The popular restaurant chain (aka California Pizza Kitchen) has been soliciting interest from potential buyers, including private-equity firms, the WSJ is reporting. Shares of the company are trading sharply higher, despite a rough 2009 and prospects of further sales declines this year. You're probably familiar with the backstory: Two lawyers, Rick Rosenfield and Larry Flax, team up on a casual dining concept that centers on a wood-burning pizza oven and they prove to be wildly successful. The company went through many iterations, and at one point in the late 1990s, when a private equity firm took control, the two founders were basically pushed aside. Then CPK fell on hard times and the board asked Rosenfield and Flax to come back as co-CEOs. When I profiled the two guys for Los Angeles magazine (August 2008, no link), I asked them about leaving. They didn't want to get into it much, but the topic was clearly on their minds.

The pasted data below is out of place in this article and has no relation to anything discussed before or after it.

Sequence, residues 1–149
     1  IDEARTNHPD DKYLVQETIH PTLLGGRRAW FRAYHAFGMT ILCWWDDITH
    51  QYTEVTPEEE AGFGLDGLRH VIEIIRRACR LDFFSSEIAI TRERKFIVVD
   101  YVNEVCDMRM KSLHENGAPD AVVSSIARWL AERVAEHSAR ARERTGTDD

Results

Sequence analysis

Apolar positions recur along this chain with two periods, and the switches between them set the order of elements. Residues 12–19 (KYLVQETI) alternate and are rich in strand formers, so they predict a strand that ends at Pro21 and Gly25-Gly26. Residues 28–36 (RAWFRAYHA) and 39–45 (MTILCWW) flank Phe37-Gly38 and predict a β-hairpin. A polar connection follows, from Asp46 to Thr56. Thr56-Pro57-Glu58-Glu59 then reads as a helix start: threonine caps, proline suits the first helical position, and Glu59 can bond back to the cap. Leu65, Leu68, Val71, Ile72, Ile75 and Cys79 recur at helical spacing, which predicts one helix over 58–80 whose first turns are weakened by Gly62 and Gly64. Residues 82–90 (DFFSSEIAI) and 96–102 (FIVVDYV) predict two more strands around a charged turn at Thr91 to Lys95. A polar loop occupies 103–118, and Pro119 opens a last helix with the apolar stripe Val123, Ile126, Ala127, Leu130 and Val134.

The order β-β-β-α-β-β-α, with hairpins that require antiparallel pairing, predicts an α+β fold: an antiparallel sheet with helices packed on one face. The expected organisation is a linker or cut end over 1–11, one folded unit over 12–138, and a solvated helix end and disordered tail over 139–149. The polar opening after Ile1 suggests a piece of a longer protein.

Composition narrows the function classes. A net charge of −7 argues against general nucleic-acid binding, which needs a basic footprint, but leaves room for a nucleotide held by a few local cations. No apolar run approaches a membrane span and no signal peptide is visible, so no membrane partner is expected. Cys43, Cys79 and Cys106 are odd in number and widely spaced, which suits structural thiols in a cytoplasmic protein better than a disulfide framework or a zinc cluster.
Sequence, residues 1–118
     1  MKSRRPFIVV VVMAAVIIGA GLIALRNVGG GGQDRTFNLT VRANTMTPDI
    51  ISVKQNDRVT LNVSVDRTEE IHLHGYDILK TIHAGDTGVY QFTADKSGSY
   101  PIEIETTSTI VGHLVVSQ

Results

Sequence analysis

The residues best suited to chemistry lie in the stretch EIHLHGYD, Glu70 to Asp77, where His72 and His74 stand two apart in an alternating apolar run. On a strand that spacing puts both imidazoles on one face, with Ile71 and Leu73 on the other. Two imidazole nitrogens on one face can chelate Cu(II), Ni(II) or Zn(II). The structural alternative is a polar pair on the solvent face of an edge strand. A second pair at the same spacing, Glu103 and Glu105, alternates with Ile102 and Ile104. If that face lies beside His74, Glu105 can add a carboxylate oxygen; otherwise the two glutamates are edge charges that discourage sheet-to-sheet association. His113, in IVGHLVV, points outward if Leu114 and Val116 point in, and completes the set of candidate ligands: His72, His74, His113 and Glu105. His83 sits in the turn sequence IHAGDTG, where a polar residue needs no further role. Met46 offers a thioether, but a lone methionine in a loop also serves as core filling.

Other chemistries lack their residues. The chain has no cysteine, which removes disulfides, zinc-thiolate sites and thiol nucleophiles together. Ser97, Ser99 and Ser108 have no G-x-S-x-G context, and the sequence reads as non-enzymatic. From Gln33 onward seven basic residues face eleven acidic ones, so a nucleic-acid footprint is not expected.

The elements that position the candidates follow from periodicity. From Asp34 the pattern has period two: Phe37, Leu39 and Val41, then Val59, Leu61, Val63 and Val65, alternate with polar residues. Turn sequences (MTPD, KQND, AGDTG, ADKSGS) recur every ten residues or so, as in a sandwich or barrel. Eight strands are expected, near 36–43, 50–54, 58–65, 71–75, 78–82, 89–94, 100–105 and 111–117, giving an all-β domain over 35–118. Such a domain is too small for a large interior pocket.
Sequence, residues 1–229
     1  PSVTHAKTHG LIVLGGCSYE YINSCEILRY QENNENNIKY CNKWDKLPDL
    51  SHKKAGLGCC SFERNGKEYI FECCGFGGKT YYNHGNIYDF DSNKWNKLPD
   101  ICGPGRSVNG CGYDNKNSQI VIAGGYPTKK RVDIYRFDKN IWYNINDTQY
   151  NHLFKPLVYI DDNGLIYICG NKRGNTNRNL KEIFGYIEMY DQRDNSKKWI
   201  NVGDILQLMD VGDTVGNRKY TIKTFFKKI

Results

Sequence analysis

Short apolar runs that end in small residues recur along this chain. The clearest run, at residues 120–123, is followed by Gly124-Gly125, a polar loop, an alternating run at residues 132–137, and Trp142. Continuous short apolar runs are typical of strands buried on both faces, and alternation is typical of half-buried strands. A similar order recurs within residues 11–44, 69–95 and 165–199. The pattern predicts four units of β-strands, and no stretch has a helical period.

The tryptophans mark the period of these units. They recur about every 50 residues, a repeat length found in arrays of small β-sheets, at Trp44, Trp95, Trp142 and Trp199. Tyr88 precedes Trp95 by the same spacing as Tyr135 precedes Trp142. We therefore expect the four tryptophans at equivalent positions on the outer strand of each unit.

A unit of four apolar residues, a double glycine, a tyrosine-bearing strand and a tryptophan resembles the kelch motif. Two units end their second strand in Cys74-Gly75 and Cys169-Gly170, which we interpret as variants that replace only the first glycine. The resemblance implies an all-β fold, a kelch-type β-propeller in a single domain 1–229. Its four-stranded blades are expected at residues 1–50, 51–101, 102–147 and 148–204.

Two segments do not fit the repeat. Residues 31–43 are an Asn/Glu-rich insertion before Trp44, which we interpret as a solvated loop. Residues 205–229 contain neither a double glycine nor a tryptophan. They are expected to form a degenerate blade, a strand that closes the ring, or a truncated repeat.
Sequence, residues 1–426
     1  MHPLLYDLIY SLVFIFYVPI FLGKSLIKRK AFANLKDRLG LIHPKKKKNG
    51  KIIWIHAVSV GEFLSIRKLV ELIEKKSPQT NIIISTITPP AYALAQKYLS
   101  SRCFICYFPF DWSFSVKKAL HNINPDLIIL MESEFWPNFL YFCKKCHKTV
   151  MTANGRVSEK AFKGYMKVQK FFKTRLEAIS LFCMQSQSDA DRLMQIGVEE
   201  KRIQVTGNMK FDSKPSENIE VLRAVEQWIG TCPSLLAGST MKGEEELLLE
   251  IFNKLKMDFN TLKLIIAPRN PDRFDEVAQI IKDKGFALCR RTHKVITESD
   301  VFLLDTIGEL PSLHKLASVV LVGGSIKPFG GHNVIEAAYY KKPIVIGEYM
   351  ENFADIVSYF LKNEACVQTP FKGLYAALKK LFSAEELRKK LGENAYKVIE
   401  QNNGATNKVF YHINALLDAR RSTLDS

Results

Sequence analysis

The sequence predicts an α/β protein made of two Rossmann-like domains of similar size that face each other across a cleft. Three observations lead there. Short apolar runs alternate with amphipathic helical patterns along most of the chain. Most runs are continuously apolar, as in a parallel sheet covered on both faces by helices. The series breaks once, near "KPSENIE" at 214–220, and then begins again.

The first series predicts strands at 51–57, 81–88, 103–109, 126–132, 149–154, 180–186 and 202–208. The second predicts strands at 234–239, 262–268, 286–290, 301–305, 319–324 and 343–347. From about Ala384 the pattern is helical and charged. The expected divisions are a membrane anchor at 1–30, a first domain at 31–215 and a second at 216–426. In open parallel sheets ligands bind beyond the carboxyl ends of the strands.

Company founders who enter their sixties often have a hard time letting go--it's the legacy thing--and with two partners the endgame becomes even more dicey. What if Rosenfield wants to leave, but Flax prefers to stay on? What if the board starts getting itchy about bringing in younger executives? The issue of succession surfaces periodically, but Flax and Rosenfield brush it aside. When I invoke the "If you guys got hit by a truck tomorrow" question, the name they mention is Chief Financial Officer Susan Collyns. "In reality," says Rosenfield, "the company would go on just fine." As for the two of them, they know the day will come when they are no longer together--even if they don't want to think about it and certainly don't know how they will handle it. Driving back to the office one afternoon, without Flax, Rosenfield shakes his head. "The story of our life is that every important decision we've made in the last 35 years has been made together," he says. "My life wouldn't be the same without Larry."